With residential high-rises encroaching from each direction, Center City's hottest neighborhood is inarguably the Gayborhood right now, and it's been no stranger to the causalities of development and rising rent. Just last Sunday, the neighborhood's oldest gay bar, Venture Inn, arguably the nation's oldest, served its last stiff cocktail.
With the exception of Venture, much of the change has been welcome, to varying degrees. Long vacant storefronts have begun to fill out and 13th Street's strip of hoagie shops were replaced with some of the best restaurants in the region. But the gentrification tipping point in this southeast corner of Center City is coming sooner than later, and it's being pushed by the promise of large chains like Target and a mammoth entertainment and residential complex at 12th and Market.
Both may mean little to the quaint streets of the Gayborhood, at least to the brick-and-mortar, but they are rapidly eroding the cultural balance between the area's newcomers and those who haven't left. What it does mean is rising property value, which may encourage some business owners to cash out and pressure others to relocate.
The latest hit came to I. Goldberg Army & Navy, which has stood at 13th and Chestnut for almost a century. With PMC Property Group asking for $600,000 a year for the three story retail space, I. Goldberg will be packing up and looking for a nearby location.
However, of all the changes unfolding from the "Midtown Village" assault on the Gayborhood, I. Goldberg may be unfortunate, but not exactly surprising. My father, who used to take the West Chester train downtown in the 1950s to sift through the militariana in I. Goldberg's basement, recently payed the store a visit only to say "it hasn't changed a bit."
What's unfortunate is that I. Goldberg, which is a very unique store for Center City, has been regarded by many New Philadelphians and Millennials as just another Shirt Corner, a ruff-n-ready nonsense store that inexplicably survived fifteen years into the 21st Century. And while the comparison is far from true, part of the assumption is I. Goldberg's fault.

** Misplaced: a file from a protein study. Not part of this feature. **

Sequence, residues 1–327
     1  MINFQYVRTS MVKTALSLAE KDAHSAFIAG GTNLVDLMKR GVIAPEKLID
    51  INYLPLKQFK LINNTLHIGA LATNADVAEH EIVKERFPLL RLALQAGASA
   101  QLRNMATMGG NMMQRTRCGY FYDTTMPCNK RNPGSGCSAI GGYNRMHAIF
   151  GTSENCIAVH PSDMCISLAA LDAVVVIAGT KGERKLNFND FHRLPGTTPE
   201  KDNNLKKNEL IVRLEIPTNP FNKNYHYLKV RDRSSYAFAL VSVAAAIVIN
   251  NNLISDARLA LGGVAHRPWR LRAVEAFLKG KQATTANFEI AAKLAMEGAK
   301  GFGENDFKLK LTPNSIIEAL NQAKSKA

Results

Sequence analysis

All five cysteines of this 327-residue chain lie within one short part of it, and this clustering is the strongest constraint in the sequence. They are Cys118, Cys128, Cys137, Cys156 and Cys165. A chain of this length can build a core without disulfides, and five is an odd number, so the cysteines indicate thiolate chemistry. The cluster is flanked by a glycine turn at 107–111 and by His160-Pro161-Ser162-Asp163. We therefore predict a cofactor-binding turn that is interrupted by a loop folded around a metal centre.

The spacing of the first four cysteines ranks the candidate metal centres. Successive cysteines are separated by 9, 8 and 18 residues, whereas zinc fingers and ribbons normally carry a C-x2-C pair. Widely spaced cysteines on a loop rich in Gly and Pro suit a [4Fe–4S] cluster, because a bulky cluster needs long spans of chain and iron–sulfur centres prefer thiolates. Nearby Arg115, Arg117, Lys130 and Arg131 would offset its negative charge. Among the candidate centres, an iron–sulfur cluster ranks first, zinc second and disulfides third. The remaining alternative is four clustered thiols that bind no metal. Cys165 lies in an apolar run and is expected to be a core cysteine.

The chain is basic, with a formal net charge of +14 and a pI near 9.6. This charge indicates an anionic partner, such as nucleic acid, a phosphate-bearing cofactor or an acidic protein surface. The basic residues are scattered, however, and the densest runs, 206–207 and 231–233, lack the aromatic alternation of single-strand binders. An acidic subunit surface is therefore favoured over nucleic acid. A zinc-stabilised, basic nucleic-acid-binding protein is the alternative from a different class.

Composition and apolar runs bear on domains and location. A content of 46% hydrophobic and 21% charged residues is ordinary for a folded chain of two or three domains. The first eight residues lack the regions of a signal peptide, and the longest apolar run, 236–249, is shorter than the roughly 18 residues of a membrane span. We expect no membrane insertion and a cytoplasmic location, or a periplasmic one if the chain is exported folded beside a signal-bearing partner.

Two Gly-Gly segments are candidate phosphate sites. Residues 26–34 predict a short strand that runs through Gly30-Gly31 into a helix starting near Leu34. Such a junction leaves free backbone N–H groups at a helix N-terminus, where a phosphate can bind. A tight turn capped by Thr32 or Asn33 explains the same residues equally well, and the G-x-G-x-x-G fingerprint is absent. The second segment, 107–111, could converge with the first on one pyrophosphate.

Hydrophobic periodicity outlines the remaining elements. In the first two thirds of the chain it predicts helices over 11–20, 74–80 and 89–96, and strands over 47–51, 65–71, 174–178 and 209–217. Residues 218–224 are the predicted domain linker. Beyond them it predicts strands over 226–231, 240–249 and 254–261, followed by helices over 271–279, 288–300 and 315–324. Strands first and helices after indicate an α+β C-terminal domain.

Nostalgia can't sustain itself on the fact that it exists, and with Philadelphia evolving, I. Goldberg needs to do the same. The store's most unique gadgets - the kinds of things you'd expect to find in a surplus shop - are buried in the basement. It's most marketable products - jackets, coats, boots, and outdoor gear - are upstairs. Meanwhile, the main floor is a crowded mess of oversized flannel shirts and Dad Jeans shoveled behind a security guard. Its first impression doesn't exactly sing the same tune as those renting $1500 a month apartments upstairs.
What's ironic is just how easily they could. They have some great products. But if I was heading back from a few mimosas at Green Eggs on a cold January day and looking for a NorthFace jacket, I'd have no idea that I. Goldberg sold them, unless I stared at chaotic window display for about fifteen minutes. And even then, I'd probably assume they were second-hand. Plus they close at 5:45PM and don't open on Sundays.
If they scaled back their inventory, right-sized their space, and merchandized their supply properly, they could easily compete with Center City sporting goods stores, and even still manage to offer a few of the unique products that the hipsters covet, like Soviet era military watches.
Gentrification may be quickly terraforming the Gayborhood, but this loss is on us.
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